For the past several weeks I have been working on creating a curriculum map for my 7th/8th grade language arts classes. As a staff, my colleagues and I felt this was important to put into place what and how we are actucally covering each standard and strand in our classroom. Though this will be a work in progress, I am trying to polish it and make it a document that is ready for next year and the future years to come. Two thoughts have been floating around in my brain for the last several weeks while working on this document. First, are there educators/professionals out there who have any resources for the The Common Core Standards? Second, I have been really tossing around this term rigor and academic rigor and have some thoughts.
I have encountered plenty of apprehesion and anxiety when talking and teaching other teachers and principals. I am also well aware of the individuals and groups of individuals who are completely against the CCSS for whatever reason. Call me crazy, but I am embracing them and with this first year almost under my belt, I am ready for next year and my students will need to be ready too. I admit, I think there are flaws with the CCSS, but overall, they are well thought out. To make the transition easier for myself and for some of the colleagues in my school, there are plenty of resources to consider. Some of them are hardcopy, others are digital. Our language arts department has purchased the flip books and will have them for this summer to look over. The three resources I like the most are:
1. The Common Core Flip Books by McGraw Hill – The flip book integrates the CCSS with instructional planning strategies. The books include suggested learning targets or “I can” statements for the students.
2. Common Core Curriculum Maps by Common Core – This book has been fantastic at giving me alternative resources to the suggested reading that was povided by the CCSS. This is not a resource put together by the federal government. It was written by teachers, for teachers. They also have a website called Common Core.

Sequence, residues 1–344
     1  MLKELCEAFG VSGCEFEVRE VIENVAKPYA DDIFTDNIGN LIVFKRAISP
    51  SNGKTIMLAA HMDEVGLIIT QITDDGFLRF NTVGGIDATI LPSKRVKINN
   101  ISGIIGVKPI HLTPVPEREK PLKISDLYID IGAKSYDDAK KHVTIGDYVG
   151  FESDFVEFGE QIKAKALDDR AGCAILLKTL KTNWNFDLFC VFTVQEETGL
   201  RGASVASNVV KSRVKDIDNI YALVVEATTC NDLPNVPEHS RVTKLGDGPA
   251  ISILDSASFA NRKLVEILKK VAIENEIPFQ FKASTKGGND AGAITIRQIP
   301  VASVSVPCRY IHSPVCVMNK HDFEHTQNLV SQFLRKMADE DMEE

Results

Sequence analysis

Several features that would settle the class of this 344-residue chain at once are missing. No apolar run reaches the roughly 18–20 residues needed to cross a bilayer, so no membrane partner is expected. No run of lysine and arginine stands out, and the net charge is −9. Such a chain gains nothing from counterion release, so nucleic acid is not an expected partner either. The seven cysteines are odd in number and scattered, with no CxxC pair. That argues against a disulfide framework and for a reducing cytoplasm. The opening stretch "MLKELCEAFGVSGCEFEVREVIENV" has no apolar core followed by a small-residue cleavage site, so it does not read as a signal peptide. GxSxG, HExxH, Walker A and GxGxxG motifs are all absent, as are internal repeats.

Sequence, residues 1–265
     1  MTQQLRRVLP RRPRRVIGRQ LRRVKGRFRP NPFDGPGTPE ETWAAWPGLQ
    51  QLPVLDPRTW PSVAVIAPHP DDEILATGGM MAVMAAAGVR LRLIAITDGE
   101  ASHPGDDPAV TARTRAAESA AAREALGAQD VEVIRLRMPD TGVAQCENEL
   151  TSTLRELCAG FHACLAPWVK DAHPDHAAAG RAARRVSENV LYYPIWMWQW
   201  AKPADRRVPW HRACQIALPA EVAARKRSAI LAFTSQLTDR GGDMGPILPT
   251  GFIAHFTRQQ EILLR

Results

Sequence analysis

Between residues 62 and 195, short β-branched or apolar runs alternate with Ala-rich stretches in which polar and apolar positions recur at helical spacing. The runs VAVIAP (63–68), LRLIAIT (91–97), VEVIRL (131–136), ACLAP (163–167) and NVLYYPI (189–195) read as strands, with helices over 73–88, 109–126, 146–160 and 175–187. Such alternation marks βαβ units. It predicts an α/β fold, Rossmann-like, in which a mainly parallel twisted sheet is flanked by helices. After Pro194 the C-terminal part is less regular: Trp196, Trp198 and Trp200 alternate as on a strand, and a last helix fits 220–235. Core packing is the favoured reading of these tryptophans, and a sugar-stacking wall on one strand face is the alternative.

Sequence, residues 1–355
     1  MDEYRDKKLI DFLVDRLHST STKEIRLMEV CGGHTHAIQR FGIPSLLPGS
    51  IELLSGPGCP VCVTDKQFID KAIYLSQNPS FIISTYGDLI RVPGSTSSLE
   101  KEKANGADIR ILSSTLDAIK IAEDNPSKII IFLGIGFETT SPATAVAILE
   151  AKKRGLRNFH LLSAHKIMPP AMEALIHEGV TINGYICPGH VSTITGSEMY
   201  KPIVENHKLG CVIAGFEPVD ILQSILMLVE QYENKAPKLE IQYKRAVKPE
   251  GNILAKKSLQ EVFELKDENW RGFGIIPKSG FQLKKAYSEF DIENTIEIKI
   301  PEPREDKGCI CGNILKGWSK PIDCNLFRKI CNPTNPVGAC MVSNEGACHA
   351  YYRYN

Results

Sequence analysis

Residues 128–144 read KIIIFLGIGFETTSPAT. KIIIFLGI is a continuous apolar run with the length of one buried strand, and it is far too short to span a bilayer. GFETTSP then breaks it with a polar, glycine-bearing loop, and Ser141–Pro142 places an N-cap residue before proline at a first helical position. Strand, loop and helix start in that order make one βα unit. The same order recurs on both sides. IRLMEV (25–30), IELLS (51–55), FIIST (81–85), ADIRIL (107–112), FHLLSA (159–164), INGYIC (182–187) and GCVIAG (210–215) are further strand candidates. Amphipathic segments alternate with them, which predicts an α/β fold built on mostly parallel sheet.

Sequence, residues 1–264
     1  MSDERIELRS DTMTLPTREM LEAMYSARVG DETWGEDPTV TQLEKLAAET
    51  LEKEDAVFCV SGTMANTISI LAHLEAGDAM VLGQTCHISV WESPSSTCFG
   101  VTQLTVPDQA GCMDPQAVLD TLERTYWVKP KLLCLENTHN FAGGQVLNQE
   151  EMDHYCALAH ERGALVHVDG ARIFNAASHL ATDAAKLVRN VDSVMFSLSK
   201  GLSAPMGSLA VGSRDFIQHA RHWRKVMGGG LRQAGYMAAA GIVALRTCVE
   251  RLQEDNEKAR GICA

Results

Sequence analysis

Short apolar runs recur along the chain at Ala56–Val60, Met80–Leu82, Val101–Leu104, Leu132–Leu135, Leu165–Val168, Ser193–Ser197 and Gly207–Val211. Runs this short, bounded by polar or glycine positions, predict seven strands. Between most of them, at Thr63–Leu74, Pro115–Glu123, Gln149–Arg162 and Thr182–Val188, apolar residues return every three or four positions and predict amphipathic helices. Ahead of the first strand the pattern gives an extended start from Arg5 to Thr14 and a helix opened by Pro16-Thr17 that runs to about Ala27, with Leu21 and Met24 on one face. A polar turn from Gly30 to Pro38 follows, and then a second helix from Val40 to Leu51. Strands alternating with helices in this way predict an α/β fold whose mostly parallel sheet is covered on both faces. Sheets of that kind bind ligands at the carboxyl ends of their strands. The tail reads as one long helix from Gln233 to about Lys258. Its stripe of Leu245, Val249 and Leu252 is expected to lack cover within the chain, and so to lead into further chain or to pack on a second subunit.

3. MasteryConnect has put out an application for those that are Ipad users as well as those Droid users such as myself. What I like about this resource is it is free. Second, the standards are clear and in plain, every day language. I often use this as a quick reference when looking at possible activities or lessons for my class. You can join their website for free as well and choose to have more premium services for a small cost.
Having many resources at my finger-tips has made my transition to the Common Core smooth. Each resource can be evaluated personally and the user needs to choose which one works better for them.
In addition to looking at all of these resources and having multiple conversations with other professionals, I keep thinking about rigor and academic rigor. Rigor is defined in the dicitionary as strictness, severity, or harshness, as in dealing with people. Now, if I take just the term rigor and think about my classroom, I am a very disciplined teacher. My students know their boundries and very few cross them. This by no means indicates I am a tyrant, but I run a tight ship. On the other hand, academic rigor defined by the Employer’s for Education Excellence website, designed by the Oregon small schools intiative, is:
“When instruction is academically rigorous, students actively explore, research and solve complex problems to develop a deep understanding of core academic concepts that reflect college readiness standards”
The website goes on and discusses other key features such as high expectations for students, cross-curricular activities, etc. As I read through this site and the others that discuss academic rigor, I am kind of shocked. It seems there has been this bigger push since the introduction of the CCSS for acadamic rigor (this particular website does not state this). I hear people talk about how the new standards has more academic rigor and it is going to be more difficult for teachers and students. Why? As I look at the many components that make up an academic rigourous classroom, I have many of those components in place already. If you don’t have high expectations for your students, you aren’t doing your job. My wife is a great example of holding students to high expectations. She is a band director and is constantly pushing her students to get better every day, every concert, every competition. Her expectations go up for her students numerous times throughout the year. We should all be doing this. Why do we need the Common Core Standards to jump start us into becoming more academically rigorous? Academic rigor should already be in place if we are going to prepare students for college or career.
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